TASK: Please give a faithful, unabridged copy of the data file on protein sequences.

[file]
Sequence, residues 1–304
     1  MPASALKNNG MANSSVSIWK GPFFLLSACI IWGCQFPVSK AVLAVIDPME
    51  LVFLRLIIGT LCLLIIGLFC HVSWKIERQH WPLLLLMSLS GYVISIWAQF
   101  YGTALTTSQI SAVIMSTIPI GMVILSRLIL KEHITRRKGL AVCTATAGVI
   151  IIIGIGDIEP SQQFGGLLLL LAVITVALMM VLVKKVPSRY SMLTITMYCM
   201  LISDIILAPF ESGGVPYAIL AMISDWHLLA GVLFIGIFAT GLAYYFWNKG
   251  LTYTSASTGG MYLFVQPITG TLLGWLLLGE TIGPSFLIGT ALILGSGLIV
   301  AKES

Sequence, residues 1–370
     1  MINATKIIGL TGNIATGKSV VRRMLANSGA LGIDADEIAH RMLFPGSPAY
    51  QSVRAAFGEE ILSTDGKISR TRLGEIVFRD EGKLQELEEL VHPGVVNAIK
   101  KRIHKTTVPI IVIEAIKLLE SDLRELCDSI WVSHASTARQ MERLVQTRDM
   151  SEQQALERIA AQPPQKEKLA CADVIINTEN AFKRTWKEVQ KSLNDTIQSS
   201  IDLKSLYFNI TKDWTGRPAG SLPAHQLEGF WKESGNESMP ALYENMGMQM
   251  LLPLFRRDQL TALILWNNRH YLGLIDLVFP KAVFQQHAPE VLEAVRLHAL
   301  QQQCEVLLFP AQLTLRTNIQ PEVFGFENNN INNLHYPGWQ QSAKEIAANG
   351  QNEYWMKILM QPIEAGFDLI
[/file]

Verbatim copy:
Sequence, residues 1–304
     1  MPASALKNNG MANSSVSIWK GPFFLLSACI IWGCQFPVSK AVLAVIDPME
    51  LVFLRLIIGT LCLLIIGLFC HVSWKIERQH WPLLLLMSLS GYVISIWAQF
   101  YGTALTTSQI SAVIMSTIPI GMVILSRLIL KEHITRRKGL AVCTATAGVI
   151  IIIGIGDIEP SQQFGGLLLL LAVITVALMM VLVKKVPSRY SMLTITMYCM
   201  LISDIILAPF ESGGVPYAIL AMISDWHLLA GVLFIGIFAT GLAYYFWNKG
   251  LTYTSASTGG MYLFVQPITG TLLGWLLLGE TIGPSFLIGT ALILGSGLIV
   301  AKES

Sequence, residues 1–370
     1  MINATKIIGL TGNIATGKSV VRRMLANSGA LGIDADEIAH RMLFPGSPAY
    51  QSVRAAFGEE ILSTDGKISR TRLGEIVFRD EGKLQELEEL VHPGVVNAIK
   101  KRIHKTTVPI IVIEAIKLLE SDLRELCDSI WVSHASTARQ MERLVQTRDM
   151  SEQQALERIA AQPPQKEKLA CADVIINTEN AFKRTWKEVQ KSLNDTIQSS
   201  IDLKSLYFNI TKDWTGRPAG SLPAHQLEGF WKESGNESMP ALYENMGMQM
   251  LLPLFRRDQL TALILWNNRH YLGLIDLVFP KAVFQQHAPE VLEAVRLHAL
   301  QQQCEVLLFP AQLTLRTNIQ PEVFGFENNN INNLHYPGWQ QSAKEIAANG
   351  QNEYWMKILM QPIEAGFDLI